For a long long time, they had a monopoly on the TV side. I got my revenge by going to Dish. If Cable wants me back they're going to have to inject my Elite 610 with a full pallet of 1080i. Till then, I'm gone.
     
  12. Karl_O

    Karl_O Stunt Coordinator

    Joined:
    Dec 3, 2002
    Messages:
    56
    Likes Received:
    0


    Let us not get into politics shall we?
     
  13. Ross Williams

    Ross Williams Supporting Actor

    Joined:
    Feb 9, 1999
    Messages:
    653
    Likes Received:
    0
    How long till the dish companies start offering internet service? That might help to drive down prices.
     
  14. Leila Dougan

    Leila Dougan Screenwriter

    Joined:
    Mar 27, 2002
    Messages:
    1,352
    Likes Received:
    0
    Dish companies have been offering internet access for quite some time now. It never really caught on because it is extremely expensive and there is incredible latency (much more so than a dialup connection). Out here in NM there are many rural areas and I know several people who use satelite internet access because there are no local dialup numbers and certainly no cable (internet or TV) or DSL. Most people have something available that is much more affordable and convenient.
     
  15. Travis Hedger

    Travis Hedger Supporting Actor

    Joined:
    Mar 24, 1998
    Messages:
    695
    Likes Received:
    0
    Around here in Oklahoma City, prices have been going up.

    When it first came it was $29.99 if you already had Video service, $39.99 without.

    $15 for cable modem rental, but if you owned it outright you were saving that $15.

    Then, over the course of last year, they increased the rates by $10 so now it is $39.99 with cable and $49.99 without.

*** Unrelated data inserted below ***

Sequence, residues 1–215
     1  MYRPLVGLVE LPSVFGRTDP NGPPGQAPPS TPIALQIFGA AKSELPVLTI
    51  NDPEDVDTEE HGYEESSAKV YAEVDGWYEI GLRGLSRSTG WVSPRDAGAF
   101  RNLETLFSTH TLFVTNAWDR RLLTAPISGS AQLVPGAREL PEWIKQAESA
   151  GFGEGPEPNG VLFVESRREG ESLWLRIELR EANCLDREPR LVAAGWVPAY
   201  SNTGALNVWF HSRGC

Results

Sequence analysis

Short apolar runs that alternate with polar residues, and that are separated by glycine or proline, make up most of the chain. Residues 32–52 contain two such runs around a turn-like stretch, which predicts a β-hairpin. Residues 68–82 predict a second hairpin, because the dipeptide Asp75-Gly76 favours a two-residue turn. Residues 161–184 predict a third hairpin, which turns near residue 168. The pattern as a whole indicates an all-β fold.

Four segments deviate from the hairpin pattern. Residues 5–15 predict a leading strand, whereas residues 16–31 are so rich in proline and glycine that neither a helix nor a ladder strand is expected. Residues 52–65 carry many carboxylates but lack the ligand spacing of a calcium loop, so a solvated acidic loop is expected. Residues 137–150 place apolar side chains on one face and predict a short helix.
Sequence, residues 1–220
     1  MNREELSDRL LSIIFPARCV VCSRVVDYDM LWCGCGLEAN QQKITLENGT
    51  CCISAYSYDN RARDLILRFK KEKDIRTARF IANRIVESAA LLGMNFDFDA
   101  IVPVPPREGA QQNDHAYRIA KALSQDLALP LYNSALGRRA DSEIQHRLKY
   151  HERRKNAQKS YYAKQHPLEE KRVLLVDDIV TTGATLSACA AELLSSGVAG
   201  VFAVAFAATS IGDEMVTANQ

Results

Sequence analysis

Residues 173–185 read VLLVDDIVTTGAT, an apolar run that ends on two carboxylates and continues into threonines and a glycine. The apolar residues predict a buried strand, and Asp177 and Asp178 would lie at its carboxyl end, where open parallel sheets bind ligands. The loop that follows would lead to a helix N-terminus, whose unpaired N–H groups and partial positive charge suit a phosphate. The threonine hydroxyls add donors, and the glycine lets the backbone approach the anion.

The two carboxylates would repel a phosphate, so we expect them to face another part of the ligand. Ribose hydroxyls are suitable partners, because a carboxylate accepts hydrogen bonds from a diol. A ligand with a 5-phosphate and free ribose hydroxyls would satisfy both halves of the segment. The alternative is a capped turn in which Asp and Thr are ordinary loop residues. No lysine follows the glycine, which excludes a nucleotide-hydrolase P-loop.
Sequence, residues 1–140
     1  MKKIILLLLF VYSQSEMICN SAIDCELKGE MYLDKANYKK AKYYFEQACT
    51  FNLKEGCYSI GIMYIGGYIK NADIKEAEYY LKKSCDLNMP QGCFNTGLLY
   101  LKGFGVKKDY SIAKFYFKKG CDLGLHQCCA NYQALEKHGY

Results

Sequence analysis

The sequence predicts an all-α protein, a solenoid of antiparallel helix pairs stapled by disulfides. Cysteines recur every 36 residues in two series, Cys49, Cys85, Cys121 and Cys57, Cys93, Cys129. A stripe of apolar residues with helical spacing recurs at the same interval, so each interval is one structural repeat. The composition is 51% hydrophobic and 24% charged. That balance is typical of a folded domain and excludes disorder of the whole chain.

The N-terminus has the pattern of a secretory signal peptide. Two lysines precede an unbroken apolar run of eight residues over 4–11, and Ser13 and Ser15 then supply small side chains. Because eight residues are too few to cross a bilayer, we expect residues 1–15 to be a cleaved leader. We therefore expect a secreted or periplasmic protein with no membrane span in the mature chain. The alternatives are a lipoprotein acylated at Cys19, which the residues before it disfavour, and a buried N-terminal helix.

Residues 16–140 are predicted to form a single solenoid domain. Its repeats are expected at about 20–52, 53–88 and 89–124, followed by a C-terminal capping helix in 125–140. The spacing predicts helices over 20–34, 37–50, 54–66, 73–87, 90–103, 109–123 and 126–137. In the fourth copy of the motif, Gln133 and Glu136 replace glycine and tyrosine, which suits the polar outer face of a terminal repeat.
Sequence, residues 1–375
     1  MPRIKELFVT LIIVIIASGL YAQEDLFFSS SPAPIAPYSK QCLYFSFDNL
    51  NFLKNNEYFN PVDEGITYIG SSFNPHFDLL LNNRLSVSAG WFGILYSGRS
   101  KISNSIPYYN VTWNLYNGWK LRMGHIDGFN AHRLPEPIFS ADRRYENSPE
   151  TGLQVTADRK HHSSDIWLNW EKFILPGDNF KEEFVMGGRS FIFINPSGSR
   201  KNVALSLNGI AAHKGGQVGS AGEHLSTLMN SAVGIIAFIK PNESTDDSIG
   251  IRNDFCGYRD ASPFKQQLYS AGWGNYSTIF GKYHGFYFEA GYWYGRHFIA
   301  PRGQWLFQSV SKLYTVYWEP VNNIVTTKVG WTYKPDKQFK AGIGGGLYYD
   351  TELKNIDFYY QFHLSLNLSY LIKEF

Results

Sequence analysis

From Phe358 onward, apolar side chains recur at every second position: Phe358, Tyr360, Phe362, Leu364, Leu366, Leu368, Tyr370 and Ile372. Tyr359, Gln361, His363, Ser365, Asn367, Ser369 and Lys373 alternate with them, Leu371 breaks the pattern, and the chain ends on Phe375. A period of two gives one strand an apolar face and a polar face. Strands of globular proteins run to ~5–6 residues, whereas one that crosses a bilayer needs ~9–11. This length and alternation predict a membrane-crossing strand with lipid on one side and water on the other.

And the $39.99 is really $49.99 because their lowest price cable is $10, so in effect there is no discount because their "limited" basic is channels that you wouldn't watch.

    And all this was after Cox took over what used to be Multimedia Cable vision.

    I have since cancelled my services as they called me a video pirate (long story, but I wasn't pirating video) and I use my works broadband, so I save my $50 and went to DirecTV with TiVo.

    Sure I miss high speed at home, but I refuse to be raped by the local monopoly.
     
  16. AaronNWilson

    AaronNWilson Second Unit

    Joined:
    Jan 28, 2001
    Messages:
    451
    Likes Received:
    0
    I pay $35 CAD for my cable connection (bought the modem for $60) and I get 5.5/0.5 megabits.
     
  17. Todd Hochard

    Todd Hochard Cinematographer

    Joined:
    Jan 24, 1999
    Messages:
    2,312
    Likes Received:
    0
     
  18. andrew markworthy

    Joined:
    Sep 30, 1999
    Messages:
    4,762
    Likes Received:
    12
    It's about 30 pounds a month over here in the UK.

    I think over time it'll come down in price. I wouldn't do without broadband - it's just too convenient.
     
  19. MikeH1

    MikeH1 Screenwriter

    Joined:
    Oct 25, 2000
    Messages:
    1,492
    Likes Received:
    0
    In Alberta, Canada I pay $35.00 a month using Telus, a DSL service. This seems quite resonable to me just for the fact that basic cable (about 20 channels of which maybe 5 are actually worth watching) is close to $25.00. I get a lot more out of my computer for the extra 10 dollars than I could watching lame reality television. And as far as dial up vs broadband goes, dial up is only 10 dollers or so cheaper. No contest.
     
  20. Lee L

    Lee L Supporting Actor

    Joined:
    Oct 26, 2000
    Messages:
    868
    Likes Received:
    0
    Is the Canadian goverment subsidising broadband? Those Great White North prices are crazy low.
     

Share This Page